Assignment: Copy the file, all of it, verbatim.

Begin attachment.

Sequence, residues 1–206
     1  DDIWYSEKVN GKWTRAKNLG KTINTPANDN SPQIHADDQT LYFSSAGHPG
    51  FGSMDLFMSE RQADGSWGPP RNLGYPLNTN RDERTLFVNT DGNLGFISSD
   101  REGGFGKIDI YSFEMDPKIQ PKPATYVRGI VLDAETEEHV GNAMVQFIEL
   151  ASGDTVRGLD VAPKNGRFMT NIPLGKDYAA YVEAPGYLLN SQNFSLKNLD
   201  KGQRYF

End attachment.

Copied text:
Sequence, residues 1–206
     1  DDIWYSEKVN GKWTRAKNLG KTINTPANDN SPQIHADDQT LYFSSAGHPG
    51  FGSMDLFMSE RQADGSWGPP RNLGYPLNTN RDERTLFVNT DGNLGFISSD
   101  REGGFGKIDI YSFEMDPKIQ PKPATYVRGI VLDAETEEHV GNAMVQFIEL
   151  ASGDTVRGLD VAPKNGRFMT NIPLGKDYAA YVEAPGYLLN SQNFSLKNLD
   201  KGQRYF